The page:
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Parliament will trigger Article 50 - but it may legally still be possible to cancel Brexit

Legal experts believe they have found an escape hatch if Britain's negotiations turn out to be a damp squib. 

MPs have voted to trigger Article 50. The Lords now debating the Article 50 bill are unlikely to block Brexit. 

But campaigners believe there will still legally be an opportunity to cancel what they see as a slow motion constitutional and economic disaster. 

The People’s Challenge, one of the parties that, along with Gina Miller, forced the government to consult Parliament, has consulted lawyers about the next stage of the process.

According to the legal opinion written by three senior EU law specialists, there is an escape hatch at the end of the Brexit negotiations.

Sir David Edward, a former European Court of Justice judge, Sir Francis Jacobs, the ECJ’s former Advocate General, and the EU lawyer Sir Jeremy Lever believe that the EU can’t force Britain to leave. 

This means that MPs two years hence don’t have to choose between a terrible deal or no deal at all – they can also simply revoke Article 50 and go back to being full members of the EU.

Grahame Pigney, the founder of The People’s Challenge, told me: “We want to dispel the idea that there is a Hobson’s Choice [on taking the Brexit deal or leaving it]. 

“It is entirely reasonable and practicable to say ‘We will reserve that decision until the end of the process’.”

The legal opinion will raise hackles on Brexiteers who believe Remain campaigners aim to halt Brexit in the courts. But what does it actually argue?

What the legal opinion says

The legal opinion considers two main questions:

a) What are the constitutional requirements, as set out by Article 50, for the UK to withdraw from the EU?

b) If these constitutional requirements are not met, could the UK withdraw the Article 50 notice, or let it lapse? 

The lawyers argue that MPs must do more than vote on a Brexit deal – they must set out the terms in an act of Parliament. 

There is a well-established constitutional practice of Parliament legislating to require new international agreements, particularly those concerned with the European Union, to be approved by an Act of Parliament before they can take effect.

Then, considering the constitutional question, they say “there are very strong arguments” that triggering Article 50 means a country can leave the EU “subject to the fulfilment of such constitutional requirements”. 

Here’s the most crucial part of the opinion:

Therefore, if Parliament were to refuse to give legal effect to the terms of a withdrawal agreement negotiated with the European Union, or were to refuse to authorise withdrawal in the absence of any agreement, the notification given by the United Kingdom of its intention to leave the European Union could be treated as having lapsed (since the constitutional requirements required to give effect to that intention had not been met), or could be unilaterally withdrawn.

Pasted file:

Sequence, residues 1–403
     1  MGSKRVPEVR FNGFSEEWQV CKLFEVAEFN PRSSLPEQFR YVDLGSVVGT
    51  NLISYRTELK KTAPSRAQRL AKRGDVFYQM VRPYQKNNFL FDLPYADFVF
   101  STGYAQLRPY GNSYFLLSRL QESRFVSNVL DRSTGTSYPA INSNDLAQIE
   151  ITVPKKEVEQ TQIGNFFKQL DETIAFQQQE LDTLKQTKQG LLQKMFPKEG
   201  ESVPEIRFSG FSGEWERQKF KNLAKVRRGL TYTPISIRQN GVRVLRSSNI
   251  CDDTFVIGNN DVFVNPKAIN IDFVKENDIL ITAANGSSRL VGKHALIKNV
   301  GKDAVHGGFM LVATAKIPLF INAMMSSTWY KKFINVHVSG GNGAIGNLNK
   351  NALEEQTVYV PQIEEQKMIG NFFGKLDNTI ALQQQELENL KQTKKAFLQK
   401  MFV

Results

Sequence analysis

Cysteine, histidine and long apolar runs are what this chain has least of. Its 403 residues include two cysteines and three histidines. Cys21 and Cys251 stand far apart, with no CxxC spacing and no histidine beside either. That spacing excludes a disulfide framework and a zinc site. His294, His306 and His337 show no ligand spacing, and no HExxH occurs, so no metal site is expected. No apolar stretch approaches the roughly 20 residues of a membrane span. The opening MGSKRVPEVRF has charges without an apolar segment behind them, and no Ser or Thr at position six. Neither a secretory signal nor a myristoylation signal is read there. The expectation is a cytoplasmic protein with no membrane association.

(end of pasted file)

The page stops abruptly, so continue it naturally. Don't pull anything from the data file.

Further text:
What this means

Pigney says his campaign group commissioned this legal opinion to give parliamentarians guidance, rather than to mount another challenge in the courts – although he doesn’t rule out one later on in the game. 

As he put it to me: “Whether there is a court case depends on the climate in the UK when we know what a deal is and whether the government is going to try to push something past that is plainly not in the interests of the people.

“Yes, a decision was made, but people can change their minds.”

Although the Prime Minister has confirmed Brexit will mean leaving the single market, and one recent Daily Mirror poll found hints of “Bregret”, most polling so far has suggested those who voted Leave are still happy with the way they voted. 

But as Pigney points out, the Brexit negotiation process is likely to take two years, if not more. And by that point, the mood of the country may be very different. 

 

Julia Rampen is the digital news editor of the New Statesman (previously editor of The Staggers, The New Statesman's online rolling politics blog). She has also been deputy editor at Mirror Money Online and has worked as a financial journalist for several trade magazines. 

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Tony Blair won't endorse the Labour leader - Jeremy Corbyn's fans are celebrating

The thrice-elected Prime Minister is no fan of the new Labour leader. 

Labour heavyweights usually support each other - at least in public. But the former Prime Minister Tony Blair couldn't bring himself to do so when asked on Sky News.

He dodged the question of whether the current Labour leader was the best person to lead the country, instead urging voters not to give Theresa May a "blank cheque". 

If this seems shocking, it's worth remembering that Corbyn refused to say whether he would pick "Trotskyism or Blairism" during the Labour leadership campaign. Corbyn was after all behind the Stop the War Coalition, which opposed Blair's decision to join the invasion of Iraq. 

For some Corbyn supporters, it seems that there couldn't be a greater boon than the thrice-elected PM witholding his endorsement in a critical general election. 

Julia Rampen is the digital news editor of the New Statesman (previously editor of The Staggers, The New Statesman's online rolling politics blog). She has also been deputy editor at Mirror Money Online and has worked as a financial journalist for several trade magazines. 

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